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Faculty Fellow

Jessica Swanston Baker

Assistant Professor of Music University of Chicago


Photo by Erielle Bakkum

Jessica Swanston Baker is an ethnomusicologist who specializes in contemporary popular music of and in the Circum-Caribbean. Her research and critical interests include tempo and aesthetics, coloniality, decolonization, and race/gender and respectability. Her work focuses on issues within Caribbean theory pertaining to small islands-nations such as representation and invisibility, vulnerability, and sovereignty. Her current book project, The Aesthetics of Speed: Music and the Modern in St. Kitts and Nevis, examines the relationship between tempo perception and gendered and raced legacies of colonization. Through historical and ethnographic analysis of polysemantic colloquialisms and music reception, she argues that colonial understandings of black femininity and Enlightenment notions of musicianship frame local perceptions of wylers, a style of Kittitian-Nevisian popular music, as “too fast.” Her most recent article, “Black Like Me: Caribbean Tourism and the St. Kitts Music Festival,” centers on black diasporic travel between the US and the Caribbean, and the performance and consumption of American soul music within the context of Caribbean music festivals.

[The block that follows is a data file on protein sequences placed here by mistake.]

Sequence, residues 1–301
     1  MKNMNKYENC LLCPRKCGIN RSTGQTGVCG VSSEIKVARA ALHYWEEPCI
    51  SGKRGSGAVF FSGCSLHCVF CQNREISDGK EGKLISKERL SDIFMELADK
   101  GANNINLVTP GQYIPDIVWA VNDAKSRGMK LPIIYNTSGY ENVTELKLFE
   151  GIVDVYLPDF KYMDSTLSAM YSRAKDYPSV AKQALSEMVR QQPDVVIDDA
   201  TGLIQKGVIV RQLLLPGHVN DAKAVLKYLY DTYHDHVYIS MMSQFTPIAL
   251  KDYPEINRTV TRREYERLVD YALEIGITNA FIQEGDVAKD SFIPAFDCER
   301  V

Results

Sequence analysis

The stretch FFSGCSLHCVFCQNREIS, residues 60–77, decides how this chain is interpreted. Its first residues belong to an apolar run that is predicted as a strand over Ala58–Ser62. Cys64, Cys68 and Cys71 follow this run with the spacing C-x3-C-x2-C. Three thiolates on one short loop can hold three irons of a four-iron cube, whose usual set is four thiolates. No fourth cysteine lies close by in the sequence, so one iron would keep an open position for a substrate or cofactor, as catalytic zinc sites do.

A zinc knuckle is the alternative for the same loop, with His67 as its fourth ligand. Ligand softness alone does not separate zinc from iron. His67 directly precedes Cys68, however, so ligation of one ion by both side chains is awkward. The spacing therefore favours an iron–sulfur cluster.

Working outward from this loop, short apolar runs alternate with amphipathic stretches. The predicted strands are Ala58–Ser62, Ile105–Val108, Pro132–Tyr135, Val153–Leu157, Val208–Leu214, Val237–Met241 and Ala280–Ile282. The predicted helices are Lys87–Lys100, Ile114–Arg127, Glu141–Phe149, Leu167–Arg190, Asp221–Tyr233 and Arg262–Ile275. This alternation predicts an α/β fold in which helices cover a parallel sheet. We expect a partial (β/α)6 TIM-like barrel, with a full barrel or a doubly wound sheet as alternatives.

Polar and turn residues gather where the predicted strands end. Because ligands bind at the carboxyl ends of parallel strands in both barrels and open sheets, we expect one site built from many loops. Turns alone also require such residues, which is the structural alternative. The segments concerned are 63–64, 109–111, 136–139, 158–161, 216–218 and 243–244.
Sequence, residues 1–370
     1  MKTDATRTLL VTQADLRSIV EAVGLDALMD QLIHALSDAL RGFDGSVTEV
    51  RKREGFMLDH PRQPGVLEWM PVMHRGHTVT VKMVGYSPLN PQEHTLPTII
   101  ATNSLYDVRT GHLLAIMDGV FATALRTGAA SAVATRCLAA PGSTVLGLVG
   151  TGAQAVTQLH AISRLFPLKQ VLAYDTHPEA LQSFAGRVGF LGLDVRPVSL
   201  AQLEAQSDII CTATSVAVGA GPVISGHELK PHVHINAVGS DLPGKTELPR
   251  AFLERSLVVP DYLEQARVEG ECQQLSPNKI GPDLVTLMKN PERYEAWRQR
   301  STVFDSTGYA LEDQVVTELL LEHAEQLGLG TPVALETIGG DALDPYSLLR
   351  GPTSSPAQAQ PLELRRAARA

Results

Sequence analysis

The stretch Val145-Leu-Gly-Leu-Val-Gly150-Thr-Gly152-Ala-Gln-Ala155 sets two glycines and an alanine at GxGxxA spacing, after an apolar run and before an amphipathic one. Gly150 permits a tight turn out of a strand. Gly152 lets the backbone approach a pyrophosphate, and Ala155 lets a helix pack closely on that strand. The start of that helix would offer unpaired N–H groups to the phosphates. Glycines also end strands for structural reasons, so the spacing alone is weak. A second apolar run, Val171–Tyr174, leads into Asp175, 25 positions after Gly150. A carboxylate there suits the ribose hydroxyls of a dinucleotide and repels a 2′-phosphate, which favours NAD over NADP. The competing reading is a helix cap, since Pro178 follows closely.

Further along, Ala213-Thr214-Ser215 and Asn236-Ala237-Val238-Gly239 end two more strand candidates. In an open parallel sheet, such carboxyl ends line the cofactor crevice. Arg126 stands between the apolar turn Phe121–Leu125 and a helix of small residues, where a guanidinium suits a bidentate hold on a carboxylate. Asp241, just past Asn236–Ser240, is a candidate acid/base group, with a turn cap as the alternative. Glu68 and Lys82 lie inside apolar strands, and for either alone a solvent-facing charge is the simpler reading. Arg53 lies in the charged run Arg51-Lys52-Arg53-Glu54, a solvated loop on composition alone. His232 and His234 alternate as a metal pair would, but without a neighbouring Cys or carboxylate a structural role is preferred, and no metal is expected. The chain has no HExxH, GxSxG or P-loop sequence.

Silhouettes of people walking in front of a mural of a cityscape

The Contours of Black Citizenship in a Global Context

2018 – 2022